QBARS - v27n3 Effect of Black Walnuts on Rhododendrons

Effect of Black Walnuts on Rhododendrons
August E. Kehr, Potomac Chapter
Staff Scientist, Plant and Entomological Sciences
National Program Staff, Agricultural Research Service
U.S. Department of Agriculture, Beltsville, Maryland

During the recent meetings at Pittsburgh, the question was raised on a visit to one of the gardens whether black walnut trees would have an adverse effect on rhododendrons. Fortunately some reliable information is available on this matter.

In 1928 (1) the toxic principle from black walnut trees was identified, by comparison with the purified chemical, as juglone (5-hydroxy-1, 4-napthoquinone). Later, in 1938 (2), it was reliably reported that about 500 9-year -old nursery plants of R. catawbiense transplanted under black walnut died in late August of the season they were transplanted. Rhododendron plants whose roots were not in contact with black walnut roots remained in a healthy and thriving condition, even though as close as two feet from the tree trunk.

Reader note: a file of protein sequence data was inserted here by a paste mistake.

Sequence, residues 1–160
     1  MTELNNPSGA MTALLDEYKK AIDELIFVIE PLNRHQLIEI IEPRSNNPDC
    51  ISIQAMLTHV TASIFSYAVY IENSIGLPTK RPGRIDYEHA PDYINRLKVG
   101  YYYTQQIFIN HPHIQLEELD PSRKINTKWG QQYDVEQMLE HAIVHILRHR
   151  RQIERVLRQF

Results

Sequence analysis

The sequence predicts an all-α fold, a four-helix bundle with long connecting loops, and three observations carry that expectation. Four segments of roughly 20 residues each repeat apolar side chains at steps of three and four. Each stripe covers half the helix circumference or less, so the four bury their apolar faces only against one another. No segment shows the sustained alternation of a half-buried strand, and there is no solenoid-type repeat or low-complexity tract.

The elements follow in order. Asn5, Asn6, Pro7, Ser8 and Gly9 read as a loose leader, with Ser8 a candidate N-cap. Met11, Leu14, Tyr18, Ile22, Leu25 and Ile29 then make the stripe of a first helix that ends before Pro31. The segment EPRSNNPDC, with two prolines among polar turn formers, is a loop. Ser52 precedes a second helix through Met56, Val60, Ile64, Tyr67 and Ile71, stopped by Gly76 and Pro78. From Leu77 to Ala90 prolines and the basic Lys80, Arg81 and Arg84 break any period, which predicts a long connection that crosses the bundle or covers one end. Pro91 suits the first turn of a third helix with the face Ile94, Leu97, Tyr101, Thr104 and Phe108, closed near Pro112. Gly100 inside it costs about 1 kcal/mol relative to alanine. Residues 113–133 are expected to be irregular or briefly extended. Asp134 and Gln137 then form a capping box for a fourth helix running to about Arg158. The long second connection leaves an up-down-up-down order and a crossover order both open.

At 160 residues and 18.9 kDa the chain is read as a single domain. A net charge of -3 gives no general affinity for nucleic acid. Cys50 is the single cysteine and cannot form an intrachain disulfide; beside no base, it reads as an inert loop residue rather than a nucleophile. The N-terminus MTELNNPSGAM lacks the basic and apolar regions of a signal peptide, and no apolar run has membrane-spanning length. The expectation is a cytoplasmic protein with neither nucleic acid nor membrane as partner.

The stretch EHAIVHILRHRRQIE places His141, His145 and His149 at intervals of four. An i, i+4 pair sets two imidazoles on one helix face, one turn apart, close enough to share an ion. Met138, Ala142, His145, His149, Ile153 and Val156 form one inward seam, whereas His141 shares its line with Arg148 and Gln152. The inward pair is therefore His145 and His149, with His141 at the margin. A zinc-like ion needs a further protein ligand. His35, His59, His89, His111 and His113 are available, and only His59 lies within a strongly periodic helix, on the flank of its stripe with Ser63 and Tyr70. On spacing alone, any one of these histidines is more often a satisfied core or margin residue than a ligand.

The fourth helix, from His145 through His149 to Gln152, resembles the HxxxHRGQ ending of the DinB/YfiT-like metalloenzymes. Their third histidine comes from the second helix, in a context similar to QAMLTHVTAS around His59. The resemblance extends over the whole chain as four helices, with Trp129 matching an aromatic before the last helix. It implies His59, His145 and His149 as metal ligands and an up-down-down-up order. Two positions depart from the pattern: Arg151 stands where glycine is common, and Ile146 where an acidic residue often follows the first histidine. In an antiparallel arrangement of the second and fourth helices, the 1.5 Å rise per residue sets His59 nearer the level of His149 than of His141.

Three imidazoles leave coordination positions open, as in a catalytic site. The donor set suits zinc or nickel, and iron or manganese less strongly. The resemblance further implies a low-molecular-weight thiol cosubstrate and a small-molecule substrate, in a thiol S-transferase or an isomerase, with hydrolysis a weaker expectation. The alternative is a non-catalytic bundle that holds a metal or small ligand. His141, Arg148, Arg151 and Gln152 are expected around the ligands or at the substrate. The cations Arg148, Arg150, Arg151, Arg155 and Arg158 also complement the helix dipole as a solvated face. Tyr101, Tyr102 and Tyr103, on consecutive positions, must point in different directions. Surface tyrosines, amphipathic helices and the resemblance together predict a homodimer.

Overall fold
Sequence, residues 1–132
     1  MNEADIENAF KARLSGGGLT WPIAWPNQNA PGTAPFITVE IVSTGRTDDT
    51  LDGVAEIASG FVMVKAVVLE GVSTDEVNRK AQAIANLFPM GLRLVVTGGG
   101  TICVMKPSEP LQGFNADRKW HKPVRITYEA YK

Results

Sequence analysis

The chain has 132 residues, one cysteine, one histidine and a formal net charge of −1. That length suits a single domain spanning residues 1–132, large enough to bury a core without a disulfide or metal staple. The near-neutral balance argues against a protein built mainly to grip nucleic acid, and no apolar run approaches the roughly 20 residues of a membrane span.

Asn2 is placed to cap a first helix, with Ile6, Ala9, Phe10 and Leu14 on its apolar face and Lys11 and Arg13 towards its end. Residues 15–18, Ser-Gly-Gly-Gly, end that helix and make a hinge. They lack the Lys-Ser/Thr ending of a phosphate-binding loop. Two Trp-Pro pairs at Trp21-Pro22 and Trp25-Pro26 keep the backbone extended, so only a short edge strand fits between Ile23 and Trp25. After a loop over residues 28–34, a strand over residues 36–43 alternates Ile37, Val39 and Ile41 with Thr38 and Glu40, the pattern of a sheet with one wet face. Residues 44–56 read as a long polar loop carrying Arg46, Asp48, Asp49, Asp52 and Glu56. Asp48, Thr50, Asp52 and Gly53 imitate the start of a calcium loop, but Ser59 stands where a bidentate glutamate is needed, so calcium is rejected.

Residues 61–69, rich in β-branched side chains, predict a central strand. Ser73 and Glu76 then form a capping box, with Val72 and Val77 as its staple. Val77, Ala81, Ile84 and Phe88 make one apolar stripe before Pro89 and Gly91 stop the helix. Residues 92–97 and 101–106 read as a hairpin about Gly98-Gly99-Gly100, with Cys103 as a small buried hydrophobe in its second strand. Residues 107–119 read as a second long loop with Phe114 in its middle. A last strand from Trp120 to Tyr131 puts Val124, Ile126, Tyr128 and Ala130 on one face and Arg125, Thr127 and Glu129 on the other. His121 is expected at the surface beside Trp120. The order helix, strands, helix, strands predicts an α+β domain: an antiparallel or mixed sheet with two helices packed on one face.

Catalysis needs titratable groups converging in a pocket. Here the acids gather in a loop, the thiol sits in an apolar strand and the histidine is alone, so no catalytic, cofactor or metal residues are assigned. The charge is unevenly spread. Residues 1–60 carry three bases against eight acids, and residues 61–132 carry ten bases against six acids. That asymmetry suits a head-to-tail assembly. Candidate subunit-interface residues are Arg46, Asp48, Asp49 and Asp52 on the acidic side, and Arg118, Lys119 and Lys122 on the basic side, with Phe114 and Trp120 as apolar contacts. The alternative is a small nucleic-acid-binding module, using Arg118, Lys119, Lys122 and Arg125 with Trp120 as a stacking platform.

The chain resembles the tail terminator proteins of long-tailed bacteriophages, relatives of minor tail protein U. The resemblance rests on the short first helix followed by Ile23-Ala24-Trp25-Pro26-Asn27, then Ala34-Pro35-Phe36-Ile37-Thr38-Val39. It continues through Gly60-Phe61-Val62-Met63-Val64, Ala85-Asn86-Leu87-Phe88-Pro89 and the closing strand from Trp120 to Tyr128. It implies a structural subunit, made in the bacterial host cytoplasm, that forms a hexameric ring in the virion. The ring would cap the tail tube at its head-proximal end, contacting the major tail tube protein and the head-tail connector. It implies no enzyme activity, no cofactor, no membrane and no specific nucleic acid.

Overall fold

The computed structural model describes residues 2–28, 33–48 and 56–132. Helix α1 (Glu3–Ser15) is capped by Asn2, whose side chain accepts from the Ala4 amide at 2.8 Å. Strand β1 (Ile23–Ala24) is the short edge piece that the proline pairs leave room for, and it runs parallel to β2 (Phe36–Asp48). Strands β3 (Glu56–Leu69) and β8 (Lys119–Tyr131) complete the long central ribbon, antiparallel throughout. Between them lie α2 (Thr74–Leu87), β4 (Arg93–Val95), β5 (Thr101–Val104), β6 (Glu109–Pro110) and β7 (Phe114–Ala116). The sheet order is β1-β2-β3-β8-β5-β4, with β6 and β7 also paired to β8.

More recently (3), the relative concentrations of juglone in various parts of the tree were reported as follows:

Organ juglone (mg/gm dry tissue)
Leaves 1.23
Hulls 6.71
Roots 7.73

In these studies the concentration of juglone appeared to be highest in July. It would appear to be risky to plant rhododendrons and other ericaceous plants under black walnut trees. Interestingly, bluegrass is reported to thrive under these same conditions (2).


  1. Davis, E. F., 1928, The toxic principle of Juglans nigra as identified with synthetic juglone, and its toxic effects on tomato and alfalfa plants, Amer. J. But., 15:620.
  2. Brooks, M. G., 1951, 47, 31 pp.
  3. Lee, K. C., and R. W. Campbell, 1969, Nature and occurrence of juglone in Juglans nigra L. HortScience, 4:297-298.